[00:31:05:20] JOHN FERNANDEZ: I'm really looking forward to it, because I think it's one of the first times that we're getting that particular group of people together. So the Atlantic Canadian provinces, New England and New York State, leaders in all of these areas. And I think the way it should play out to begin with is understanding the prospects for mobilizing natural systems to address climate change.

[00:31:27:09] I think pretty quickly after that, the governors, mayors, staff, they're going to want to know, exactly what can I do? And not only what's effective to do, but how do you monetize it? How do you pay for it? How do you develop a way in which it also aligns well with the economy, with job creation, economic development, generally community's interests? So I think pretty quickly, you know, coupling in the science of the contribution of natural systems to, for example, capturing carbon from the atmosphere with the policy discussion and aligning it with the priorities of different leaders in these different areas.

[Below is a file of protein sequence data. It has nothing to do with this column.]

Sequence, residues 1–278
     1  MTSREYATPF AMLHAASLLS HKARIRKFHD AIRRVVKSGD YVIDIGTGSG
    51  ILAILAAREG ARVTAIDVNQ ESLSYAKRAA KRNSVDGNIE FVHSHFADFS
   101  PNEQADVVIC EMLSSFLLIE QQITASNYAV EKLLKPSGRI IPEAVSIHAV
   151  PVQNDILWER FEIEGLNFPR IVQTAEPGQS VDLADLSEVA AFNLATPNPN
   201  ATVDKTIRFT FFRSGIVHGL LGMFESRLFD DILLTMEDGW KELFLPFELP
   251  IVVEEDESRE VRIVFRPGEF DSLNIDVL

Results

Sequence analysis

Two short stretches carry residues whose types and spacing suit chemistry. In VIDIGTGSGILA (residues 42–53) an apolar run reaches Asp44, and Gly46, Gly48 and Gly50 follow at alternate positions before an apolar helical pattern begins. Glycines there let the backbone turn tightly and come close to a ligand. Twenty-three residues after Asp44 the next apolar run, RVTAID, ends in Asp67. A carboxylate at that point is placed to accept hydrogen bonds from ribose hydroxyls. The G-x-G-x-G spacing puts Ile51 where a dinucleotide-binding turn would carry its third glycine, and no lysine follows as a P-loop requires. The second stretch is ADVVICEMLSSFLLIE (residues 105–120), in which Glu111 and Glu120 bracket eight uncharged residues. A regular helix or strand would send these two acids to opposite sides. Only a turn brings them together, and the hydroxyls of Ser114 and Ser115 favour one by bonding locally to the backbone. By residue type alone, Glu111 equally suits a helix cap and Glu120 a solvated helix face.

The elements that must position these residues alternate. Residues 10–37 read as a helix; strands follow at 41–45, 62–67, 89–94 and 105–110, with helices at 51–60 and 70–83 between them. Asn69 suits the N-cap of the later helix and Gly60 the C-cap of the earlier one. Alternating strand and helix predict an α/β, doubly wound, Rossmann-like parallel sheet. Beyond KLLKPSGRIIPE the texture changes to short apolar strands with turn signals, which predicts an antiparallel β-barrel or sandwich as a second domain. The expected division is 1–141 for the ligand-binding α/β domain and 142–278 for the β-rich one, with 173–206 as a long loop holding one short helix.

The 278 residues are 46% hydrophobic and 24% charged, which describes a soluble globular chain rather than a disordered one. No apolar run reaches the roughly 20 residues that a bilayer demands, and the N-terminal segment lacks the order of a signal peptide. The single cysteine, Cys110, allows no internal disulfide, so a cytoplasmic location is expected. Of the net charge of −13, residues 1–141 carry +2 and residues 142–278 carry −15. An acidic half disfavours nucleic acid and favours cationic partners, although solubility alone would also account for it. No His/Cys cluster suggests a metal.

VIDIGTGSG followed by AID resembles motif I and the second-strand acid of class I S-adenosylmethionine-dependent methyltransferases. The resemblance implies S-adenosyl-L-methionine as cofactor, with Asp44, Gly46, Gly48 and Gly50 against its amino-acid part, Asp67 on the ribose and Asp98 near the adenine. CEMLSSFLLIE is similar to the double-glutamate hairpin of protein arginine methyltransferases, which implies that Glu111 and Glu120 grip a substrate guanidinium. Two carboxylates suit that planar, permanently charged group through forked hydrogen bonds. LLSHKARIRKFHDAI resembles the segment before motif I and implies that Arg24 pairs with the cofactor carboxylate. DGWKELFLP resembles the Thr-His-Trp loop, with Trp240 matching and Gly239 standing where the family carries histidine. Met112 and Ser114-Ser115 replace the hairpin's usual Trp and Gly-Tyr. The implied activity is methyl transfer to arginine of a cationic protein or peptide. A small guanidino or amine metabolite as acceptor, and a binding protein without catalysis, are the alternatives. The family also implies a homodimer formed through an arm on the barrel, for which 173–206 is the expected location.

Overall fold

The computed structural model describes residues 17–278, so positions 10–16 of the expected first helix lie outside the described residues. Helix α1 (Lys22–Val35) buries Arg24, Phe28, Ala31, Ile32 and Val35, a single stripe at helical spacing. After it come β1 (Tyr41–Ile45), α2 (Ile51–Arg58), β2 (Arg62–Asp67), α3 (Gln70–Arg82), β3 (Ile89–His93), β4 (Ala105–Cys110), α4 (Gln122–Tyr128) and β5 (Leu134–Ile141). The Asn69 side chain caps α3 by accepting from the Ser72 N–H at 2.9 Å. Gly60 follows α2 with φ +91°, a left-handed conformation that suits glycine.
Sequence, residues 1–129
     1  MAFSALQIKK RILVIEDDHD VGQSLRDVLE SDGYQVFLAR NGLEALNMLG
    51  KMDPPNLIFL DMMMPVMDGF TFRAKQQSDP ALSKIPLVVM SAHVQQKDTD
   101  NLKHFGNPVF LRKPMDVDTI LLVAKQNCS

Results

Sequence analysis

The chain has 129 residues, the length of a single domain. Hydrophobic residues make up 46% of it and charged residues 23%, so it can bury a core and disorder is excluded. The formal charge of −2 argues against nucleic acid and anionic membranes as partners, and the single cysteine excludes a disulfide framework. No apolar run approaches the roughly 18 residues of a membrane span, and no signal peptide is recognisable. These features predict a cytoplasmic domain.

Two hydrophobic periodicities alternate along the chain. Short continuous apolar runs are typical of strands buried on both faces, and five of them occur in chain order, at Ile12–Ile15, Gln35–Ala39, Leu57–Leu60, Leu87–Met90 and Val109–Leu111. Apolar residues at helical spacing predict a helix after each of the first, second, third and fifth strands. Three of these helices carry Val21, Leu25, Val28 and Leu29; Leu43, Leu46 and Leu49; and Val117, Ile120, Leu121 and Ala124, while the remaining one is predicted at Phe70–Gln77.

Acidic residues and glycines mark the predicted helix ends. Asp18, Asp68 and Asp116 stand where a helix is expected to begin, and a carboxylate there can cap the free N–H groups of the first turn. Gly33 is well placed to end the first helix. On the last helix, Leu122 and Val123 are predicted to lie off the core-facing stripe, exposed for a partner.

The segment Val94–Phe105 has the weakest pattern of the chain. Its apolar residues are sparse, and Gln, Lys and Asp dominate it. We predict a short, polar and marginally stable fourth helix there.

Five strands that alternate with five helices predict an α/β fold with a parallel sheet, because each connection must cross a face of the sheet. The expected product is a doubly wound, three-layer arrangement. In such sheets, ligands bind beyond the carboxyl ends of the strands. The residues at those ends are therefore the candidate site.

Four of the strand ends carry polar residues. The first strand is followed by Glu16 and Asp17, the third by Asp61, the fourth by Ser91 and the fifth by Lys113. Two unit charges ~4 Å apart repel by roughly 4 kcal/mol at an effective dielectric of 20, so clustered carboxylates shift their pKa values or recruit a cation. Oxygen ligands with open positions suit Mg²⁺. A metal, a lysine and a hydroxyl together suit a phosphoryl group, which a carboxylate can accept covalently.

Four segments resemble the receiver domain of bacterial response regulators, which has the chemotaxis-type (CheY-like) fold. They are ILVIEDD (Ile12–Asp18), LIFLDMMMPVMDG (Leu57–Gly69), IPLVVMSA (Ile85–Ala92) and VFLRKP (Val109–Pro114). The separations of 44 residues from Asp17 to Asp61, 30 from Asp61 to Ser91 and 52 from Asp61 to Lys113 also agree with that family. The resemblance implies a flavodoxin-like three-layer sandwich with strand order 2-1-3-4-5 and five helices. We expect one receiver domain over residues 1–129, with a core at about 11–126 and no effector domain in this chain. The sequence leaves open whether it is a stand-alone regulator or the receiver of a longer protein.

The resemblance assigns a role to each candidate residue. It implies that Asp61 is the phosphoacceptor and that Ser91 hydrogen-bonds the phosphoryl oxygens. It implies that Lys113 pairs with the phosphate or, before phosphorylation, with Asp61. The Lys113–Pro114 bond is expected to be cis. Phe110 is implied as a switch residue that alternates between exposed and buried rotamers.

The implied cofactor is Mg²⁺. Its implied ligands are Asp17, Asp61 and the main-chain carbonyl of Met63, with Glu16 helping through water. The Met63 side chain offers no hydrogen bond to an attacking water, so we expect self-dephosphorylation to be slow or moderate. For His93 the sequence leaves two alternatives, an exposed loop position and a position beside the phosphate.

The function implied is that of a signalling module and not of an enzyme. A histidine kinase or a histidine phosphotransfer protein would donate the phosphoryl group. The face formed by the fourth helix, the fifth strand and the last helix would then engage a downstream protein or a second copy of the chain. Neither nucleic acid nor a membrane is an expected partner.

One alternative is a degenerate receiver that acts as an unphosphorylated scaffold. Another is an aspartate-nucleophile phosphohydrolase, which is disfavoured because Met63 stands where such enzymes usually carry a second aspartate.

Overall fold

[00:32:08:28] Now doing it regionally means that there's going to be good alignment priorities to begin with anyway. We share similar climates, we share logistical routes and power system and watersheds, and many other elements of the natural and human environment. So I think beginning with understanding what it is that these decision makers can do in the short term and mid term, given a better understanding of the science.

[00:32:38:18] DAVE DAMM-LUHR: And particularly, I think also collaborating with each other.

[00:32:42:16] JOHN FERNANDEZ: Oh, absolutely.